Australian newspaper traces unbearable heaviness of U.S. tariffs
Kirk Anderson, 44, who farms soybeans and corn in the the U.S. has lost 84,000 U.S. dollars in the past 12 months, according to a story published by The Australian on Tuesday.
Anderson says that with his two children approaching college age, and with the price of his soybeans plumbing to new depths, he is not sure he can afford to deal with the large losses.
"Did we know it was going to drag on for a year and a half? I mean, you can take a hit for a while but you can't sustain it," the report quoted the U.S. farmer as saying.
The report said the situation for U.S. farmers worsened significantly this month after China announced countermeasures following President Donald Trump's pledge to slap additional tariffs of 10 percent on Chinese goods worth about 300 billion U.S. dollars.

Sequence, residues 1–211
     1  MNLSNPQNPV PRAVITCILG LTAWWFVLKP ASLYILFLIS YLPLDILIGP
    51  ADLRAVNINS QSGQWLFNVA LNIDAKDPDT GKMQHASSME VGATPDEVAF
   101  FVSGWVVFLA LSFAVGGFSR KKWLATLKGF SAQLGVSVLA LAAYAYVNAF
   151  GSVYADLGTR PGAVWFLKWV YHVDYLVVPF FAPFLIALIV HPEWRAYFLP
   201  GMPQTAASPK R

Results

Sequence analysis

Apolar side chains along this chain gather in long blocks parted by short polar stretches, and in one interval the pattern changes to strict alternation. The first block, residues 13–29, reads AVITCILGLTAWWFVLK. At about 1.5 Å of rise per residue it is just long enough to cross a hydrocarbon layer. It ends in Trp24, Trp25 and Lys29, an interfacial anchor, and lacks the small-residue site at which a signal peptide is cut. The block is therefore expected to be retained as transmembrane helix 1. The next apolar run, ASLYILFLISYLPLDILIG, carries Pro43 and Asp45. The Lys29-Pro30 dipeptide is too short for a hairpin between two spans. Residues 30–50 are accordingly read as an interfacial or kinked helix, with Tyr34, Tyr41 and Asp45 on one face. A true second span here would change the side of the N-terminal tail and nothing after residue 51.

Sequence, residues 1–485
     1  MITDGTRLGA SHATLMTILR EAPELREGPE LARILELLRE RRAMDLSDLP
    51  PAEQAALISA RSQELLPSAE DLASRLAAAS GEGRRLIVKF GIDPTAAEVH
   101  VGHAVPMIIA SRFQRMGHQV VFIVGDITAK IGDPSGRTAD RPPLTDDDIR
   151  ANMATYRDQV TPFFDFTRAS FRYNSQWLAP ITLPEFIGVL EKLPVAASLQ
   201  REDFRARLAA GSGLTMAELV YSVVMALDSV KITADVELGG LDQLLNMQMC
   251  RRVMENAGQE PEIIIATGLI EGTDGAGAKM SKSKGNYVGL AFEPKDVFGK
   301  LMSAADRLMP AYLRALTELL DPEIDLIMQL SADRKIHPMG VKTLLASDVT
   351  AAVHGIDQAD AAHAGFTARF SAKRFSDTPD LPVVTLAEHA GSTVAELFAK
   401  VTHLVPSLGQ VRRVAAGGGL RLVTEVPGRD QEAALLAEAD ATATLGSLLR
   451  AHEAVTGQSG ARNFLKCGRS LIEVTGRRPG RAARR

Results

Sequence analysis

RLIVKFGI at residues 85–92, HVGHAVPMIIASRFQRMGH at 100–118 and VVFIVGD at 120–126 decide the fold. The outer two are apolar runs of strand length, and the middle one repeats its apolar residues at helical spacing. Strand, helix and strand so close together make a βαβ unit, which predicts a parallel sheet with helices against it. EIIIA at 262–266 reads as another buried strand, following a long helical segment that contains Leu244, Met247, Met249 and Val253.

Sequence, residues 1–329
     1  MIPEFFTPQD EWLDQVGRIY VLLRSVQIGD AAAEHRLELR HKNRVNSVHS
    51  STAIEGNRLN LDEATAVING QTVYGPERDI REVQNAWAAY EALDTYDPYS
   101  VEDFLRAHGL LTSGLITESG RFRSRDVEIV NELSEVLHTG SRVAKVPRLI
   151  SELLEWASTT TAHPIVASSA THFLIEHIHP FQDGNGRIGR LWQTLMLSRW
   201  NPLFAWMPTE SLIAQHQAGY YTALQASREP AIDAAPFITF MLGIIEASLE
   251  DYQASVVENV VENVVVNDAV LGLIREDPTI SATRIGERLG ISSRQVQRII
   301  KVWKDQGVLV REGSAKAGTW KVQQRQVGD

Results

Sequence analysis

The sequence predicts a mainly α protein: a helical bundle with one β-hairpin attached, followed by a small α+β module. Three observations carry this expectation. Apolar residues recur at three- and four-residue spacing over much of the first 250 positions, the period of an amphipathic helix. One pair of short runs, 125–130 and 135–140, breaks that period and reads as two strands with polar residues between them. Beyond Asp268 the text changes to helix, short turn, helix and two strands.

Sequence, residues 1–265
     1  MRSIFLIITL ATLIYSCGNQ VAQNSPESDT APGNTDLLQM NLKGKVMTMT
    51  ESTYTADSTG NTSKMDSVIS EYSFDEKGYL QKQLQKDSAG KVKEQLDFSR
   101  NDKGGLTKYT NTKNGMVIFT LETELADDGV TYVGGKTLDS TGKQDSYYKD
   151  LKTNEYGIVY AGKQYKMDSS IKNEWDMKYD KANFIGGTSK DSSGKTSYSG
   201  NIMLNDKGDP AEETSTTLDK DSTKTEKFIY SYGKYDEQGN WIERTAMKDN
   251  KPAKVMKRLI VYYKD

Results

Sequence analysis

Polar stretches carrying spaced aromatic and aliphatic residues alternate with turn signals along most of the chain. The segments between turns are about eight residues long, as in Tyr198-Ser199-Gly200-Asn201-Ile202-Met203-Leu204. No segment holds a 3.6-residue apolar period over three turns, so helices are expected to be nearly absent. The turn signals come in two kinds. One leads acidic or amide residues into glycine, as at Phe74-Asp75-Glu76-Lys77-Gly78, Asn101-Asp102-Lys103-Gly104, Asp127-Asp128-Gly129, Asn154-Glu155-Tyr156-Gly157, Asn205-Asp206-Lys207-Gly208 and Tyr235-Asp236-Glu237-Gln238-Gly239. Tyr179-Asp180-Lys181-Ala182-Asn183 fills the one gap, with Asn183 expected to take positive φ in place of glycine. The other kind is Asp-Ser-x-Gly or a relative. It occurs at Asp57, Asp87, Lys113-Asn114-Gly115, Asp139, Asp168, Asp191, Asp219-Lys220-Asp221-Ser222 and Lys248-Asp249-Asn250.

Although the Trump administration tried their best to woo the farmers by giving them aid and calling them "great patriots," it can't quell their fears for the drastic downturns in business and prolonged uncertainties.
The Australian report has noted a "growing weakness of his (Trump's) negotiating position in the trade war as global indicators are pointing to an economic slowdown and even the possibility of a recession in the U.S."
It said that "no one is being hurt by this tariff war with China more than U.S. farmers, especially those producing soybean, pork and dairy."
"(It is a) body blow to thousands of farmers and ranchers already struggling to get by," the report quoted Zippy Duvall, president of the American Farm Bureau Federation, as saying.